Although the CRA has disproved cynics who claimed bureaucracy would reign and rob the RWS casino of its first-mover advantage, it appears the casino regulator has robbed the two casinos under its purview of any substantial junket business by effectively regulating away the junkets.
The authority released its much-anticipated details on the licensing and regulation of junket operators on 31 December. According to the regulations, the onus is largely on the casinos, which will have to file arrival reports with the CRA that include the particulars of all VIP players and accompanying junket operators at least one hour before they enter the casinos. All junket operators and their representatives will have to be licensed and undergo investigations similar to the probity checks made on casino licensees. The cost of the checks will be borne by the junket operators. The junkets will also need to maintain records of all clients, commissions, rebates and financial statements and allow the CRA access to these records. Furthermore, all junket agreements between the casino operators and the junket promoters detailing the terms of their business relationship, including commissions, must be lodged with the CRA for review. Failure to comply with any of these regulations could result in penalties, including a fine of up to S$400,000.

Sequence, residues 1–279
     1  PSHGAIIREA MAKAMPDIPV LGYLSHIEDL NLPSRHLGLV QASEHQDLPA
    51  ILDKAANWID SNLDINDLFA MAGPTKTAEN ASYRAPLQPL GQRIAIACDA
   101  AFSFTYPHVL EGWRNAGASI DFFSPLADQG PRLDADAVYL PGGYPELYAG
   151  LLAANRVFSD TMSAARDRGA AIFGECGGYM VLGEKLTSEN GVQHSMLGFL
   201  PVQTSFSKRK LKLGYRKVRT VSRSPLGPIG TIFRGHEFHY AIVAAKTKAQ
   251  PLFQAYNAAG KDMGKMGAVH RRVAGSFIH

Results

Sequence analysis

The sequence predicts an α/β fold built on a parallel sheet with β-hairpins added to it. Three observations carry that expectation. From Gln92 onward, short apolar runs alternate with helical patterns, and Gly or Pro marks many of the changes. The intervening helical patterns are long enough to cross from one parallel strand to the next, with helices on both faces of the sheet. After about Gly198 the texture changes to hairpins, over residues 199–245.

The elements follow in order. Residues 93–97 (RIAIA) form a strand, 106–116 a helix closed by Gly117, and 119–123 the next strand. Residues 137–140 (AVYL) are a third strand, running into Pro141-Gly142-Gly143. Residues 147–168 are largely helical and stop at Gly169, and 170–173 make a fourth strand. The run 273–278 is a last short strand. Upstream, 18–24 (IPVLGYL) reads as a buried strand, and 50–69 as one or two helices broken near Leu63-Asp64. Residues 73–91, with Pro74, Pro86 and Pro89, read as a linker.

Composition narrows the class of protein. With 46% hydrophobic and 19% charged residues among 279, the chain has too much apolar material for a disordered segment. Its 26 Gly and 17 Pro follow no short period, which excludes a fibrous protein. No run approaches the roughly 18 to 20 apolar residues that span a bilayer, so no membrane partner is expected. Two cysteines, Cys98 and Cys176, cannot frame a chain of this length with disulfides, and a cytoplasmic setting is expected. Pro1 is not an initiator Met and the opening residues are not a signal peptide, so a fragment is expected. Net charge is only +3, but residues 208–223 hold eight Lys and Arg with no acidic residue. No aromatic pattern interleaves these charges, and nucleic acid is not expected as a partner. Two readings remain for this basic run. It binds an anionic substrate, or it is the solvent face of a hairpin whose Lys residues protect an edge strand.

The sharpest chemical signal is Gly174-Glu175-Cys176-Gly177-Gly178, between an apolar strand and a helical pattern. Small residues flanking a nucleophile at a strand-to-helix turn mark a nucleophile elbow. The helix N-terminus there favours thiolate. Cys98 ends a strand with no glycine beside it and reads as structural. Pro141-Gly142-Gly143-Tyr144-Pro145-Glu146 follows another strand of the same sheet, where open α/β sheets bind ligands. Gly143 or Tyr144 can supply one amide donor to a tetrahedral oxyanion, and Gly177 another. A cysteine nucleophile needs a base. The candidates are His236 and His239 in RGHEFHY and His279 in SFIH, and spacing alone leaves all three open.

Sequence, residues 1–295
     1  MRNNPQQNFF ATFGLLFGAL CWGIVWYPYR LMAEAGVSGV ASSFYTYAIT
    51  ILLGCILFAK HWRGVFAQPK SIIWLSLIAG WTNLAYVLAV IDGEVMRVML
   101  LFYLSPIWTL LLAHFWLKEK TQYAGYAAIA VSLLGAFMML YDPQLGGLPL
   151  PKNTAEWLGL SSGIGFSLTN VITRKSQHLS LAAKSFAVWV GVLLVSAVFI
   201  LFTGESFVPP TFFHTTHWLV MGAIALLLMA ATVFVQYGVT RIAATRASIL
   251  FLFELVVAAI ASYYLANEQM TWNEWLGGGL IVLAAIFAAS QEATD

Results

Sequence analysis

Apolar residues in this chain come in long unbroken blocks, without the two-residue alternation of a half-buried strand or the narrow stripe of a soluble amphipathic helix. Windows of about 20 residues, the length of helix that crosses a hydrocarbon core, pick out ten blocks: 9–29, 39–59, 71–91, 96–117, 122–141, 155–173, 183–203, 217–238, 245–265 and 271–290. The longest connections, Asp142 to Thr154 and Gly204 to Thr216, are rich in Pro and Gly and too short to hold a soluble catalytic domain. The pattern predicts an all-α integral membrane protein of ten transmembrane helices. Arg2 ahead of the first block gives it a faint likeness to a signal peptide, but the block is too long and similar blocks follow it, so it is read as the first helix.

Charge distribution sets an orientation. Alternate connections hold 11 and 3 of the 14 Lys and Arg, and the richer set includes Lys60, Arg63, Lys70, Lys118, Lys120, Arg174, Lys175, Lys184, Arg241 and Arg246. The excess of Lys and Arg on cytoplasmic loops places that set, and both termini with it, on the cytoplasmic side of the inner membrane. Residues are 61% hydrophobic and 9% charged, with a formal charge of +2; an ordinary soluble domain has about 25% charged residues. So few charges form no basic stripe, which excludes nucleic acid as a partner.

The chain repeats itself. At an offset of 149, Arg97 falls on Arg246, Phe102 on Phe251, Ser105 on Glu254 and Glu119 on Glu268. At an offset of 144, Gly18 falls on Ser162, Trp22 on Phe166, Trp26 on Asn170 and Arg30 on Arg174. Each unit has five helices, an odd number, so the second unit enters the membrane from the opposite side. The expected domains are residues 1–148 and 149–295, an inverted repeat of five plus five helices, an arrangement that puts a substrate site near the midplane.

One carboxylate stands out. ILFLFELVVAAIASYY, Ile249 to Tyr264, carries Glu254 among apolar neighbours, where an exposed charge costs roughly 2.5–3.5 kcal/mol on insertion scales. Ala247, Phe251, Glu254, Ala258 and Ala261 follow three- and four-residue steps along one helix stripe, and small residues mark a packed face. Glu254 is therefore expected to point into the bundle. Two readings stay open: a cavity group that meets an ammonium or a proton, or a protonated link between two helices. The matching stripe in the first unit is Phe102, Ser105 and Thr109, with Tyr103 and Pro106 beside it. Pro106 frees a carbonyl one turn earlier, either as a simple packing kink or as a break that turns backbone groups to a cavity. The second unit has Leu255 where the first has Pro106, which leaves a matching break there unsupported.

While Macau’s junket operators could be lured to jump through the regulatory hurdles to get licensed in Singapore, the nail in the coffin of Singapore’s junket-courting ambitions is the requirement that junket players identify themselves in advance of entering the casinos, which runs counter to the players’ strong preference for anonymity when going on gambling jaunts. This puts to rest the bulk of the concern that Singapore’s low 12 percent preferential tax on gaming revenue derived from junket and “premium” play - as opposed to the 15 percent levy on mass-market gaming revenue - would enable its casinos to offer higher commissions to lure junkets from Macau, where all gaming revenue is taxed at 39 percent (35 percent direct tax on gaming revenue and a 3-4 percent mandatory social welfare contribution).
In 2005, when the Singapore government announced the legalization of casinos within two large-scale “integrated resort” concepts (IRs, as they’re called), it stated that one of the policy’s primary objectives was to boost tourism. The IRs are arriving just in time. Last year, tourist arrivals were down 4.3 percent year on year to 9.7 million. The government hopes the IRs will help raise arrivals to 17 million a year by 2015. An ambitious target, but it appears the government would rather risk its tourism growth objectives - which rely on the casinos proving a sustainable attraction - than jeopardize its position as a financial center.
Although Macau has precious little economic activity beyond gaming, it has a lot more gaming activity than Singapore will, even discounting the fact that Singapore’s population, approaching 5 million, is more than nine times larger than Macau’s population of about 540,000.